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Section I, Chapter II

Table of Contents






After the establishment of the division of neurology and psychiatry the War Work Committee of the National Committee for Mental Hygiene continued to forward applications of medical men with neurological and psychiatric training for commissions as medical officers, but, as the war proceeded, the majority of such applications were passed upon directly in the Surgeon General's Office. Some neuropsychiatrists who were commissioned, without being exempted for neuropsychiatry, obtained special work in the field through their personal applications for transfer from other services; a few, too, requested transfer from neurology and psychiatry to other services. At first many neurologists and psychiatrists hesitated about applying for a commission at all for fear they would be detailed to other duties than those for which they were specially qualified. They were given such assurances as were possible under the circumstances, namely, that they would be used for work for which they were best fitted. It was only under exceptional circumstances that they were detailed to other activities. Some, as in other professional services, who showed ability in administration, were relieved of professional duties and assigned to administrative work.

At first great care was exercised in regard to the qualifications of physicians seeking commissions for the purpose of doing neuropsychiatric work and for transfer thereto. Estimates of qualifications were based, in the first place, on clinical experience in civil life and, later, on the recommendations of superior and commanding officers. When the demand for specialists of this class became too great, especially from the American Expeditionary Forces, the strictness in regard to qualifications was somewhat relaxed, and the average in professional ability suffered a decline. It is now believed that this relaxation in professional requirements was a mistake. It would have been wiser to have refused to accept for special service all who were not sufficiently qualified professionally. At best, specialism is a difficult matter to assimilate within a military organization. In mobile units it may be quite impossible to arrange it, and even in base and general hospitals it constantly meets obstacles. Those who represent specialties, therefore, if they are really to prove themselves as specialists, must be high-grade men in two essential particulars: They must have a clinical familiarity with the classes of patients their specialty calls them to treat or to pass upon, and, in addition, they must possess traits in personality which render a man adaptable and self-reliant-traits which distinguish the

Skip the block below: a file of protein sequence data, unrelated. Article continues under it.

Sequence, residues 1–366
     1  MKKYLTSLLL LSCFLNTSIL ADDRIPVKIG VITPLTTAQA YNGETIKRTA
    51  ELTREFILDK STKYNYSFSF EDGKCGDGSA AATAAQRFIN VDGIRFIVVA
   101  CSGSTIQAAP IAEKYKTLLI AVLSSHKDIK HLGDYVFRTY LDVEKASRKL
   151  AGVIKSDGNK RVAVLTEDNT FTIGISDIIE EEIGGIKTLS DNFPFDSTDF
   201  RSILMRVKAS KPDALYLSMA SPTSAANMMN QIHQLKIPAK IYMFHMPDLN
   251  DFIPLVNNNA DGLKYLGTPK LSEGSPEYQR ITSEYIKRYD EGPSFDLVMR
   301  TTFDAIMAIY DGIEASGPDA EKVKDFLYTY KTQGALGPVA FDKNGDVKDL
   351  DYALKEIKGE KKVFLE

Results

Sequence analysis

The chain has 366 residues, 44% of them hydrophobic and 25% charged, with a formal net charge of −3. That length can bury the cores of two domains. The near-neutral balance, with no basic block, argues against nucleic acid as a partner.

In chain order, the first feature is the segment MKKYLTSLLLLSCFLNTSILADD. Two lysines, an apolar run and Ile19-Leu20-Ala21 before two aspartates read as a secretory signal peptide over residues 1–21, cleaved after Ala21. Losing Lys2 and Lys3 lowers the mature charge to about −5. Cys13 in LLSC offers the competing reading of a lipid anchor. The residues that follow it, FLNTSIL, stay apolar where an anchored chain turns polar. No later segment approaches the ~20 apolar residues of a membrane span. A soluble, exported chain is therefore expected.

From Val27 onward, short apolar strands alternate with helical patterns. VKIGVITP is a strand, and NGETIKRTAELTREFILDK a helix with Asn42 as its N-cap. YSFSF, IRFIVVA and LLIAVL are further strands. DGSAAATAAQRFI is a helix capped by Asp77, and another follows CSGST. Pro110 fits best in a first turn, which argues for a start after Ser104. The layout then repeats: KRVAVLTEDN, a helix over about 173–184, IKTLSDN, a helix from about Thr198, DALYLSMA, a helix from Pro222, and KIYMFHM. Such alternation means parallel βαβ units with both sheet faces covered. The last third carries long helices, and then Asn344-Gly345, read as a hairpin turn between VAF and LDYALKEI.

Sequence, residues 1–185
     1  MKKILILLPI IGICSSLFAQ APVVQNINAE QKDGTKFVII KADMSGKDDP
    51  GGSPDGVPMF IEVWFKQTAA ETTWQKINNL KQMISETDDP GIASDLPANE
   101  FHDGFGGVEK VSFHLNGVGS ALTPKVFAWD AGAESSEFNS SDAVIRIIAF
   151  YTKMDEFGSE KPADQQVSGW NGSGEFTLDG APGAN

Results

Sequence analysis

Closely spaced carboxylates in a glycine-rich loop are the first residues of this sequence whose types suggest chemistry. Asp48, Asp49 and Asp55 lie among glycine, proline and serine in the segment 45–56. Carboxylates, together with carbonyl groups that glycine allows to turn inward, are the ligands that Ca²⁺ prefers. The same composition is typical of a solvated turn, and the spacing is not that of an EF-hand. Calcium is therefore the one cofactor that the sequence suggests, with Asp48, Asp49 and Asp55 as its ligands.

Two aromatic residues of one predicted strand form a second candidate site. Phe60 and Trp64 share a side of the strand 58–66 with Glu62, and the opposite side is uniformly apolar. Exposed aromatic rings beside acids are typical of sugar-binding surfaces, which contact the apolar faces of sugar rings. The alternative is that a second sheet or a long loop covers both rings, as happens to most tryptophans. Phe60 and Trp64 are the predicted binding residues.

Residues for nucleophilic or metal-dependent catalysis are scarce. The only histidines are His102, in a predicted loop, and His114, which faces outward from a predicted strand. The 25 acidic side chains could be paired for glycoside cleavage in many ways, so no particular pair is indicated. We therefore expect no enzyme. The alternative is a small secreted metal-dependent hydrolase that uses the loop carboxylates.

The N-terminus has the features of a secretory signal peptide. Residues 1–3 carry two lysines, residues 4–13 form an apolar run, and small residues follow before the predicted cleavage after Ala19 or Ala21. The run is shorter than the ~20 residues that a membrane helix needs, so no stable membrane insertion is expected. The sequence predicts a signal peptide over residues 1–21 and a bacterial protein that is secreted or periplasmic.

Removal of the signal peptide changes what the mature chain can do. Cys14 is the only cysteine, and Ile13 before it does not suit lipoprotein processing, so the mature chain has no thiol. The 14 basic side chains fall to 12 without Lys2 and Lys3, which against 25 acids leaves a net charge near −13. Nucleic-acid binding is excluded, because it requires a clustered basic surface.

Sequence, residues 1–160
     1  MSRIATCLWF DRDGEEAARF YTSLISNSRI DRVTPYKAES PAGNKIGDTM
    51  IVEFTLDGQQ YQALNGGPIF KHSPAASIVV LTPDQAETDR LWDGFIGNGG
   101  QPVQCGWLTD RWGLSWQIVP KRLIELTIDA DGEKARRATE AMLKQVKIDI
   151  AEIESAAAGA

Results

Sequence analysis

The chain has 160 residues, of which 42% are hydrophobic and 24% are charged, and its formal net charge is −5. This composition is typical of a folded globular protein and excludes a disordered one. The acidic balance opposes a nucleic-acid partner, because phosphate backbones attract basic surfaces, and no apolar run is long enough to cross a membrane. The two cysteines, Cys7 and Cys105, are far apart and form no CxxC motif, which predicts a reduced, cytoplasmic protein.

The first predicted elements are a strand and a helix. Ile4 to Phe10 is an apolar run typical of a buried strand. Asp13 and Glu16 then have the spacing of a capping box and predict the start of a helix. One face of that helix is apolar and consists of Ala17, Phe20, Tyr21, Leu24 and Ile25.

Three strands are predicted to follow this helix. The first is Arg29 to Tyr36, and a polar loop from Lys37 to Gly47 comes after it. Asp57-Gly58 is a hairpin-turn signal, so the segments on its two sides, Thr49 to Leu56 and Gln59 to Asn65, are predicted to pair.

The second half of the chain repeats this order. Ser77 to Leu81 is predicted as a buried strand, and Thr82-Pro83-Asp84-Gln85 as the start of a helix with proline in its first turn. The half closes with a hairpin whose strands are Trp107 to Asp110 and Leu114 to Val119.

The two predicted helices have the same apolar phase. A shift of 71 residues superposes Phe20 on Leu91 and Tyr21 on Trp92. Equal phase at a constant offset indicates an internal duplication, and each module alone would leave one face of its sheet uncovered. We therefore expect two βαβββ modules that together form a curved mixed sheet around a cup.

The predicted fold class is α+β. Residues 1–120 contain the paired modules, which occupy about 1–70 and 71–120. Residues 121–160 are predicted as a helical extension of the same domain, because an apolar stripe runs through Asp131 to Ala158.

capable medical officer quite independently of his professional qualifications. In actual warfare the latter characteristics are indispensable and outweigh the others. If a man is a failure in either particular he injures the general standing of specialists. It is believed, therefore, that the good of the service is better met by leaving the place of a specialist vacant, even when one is urgently needed, than it is by assigning to it any but a well-qualified person.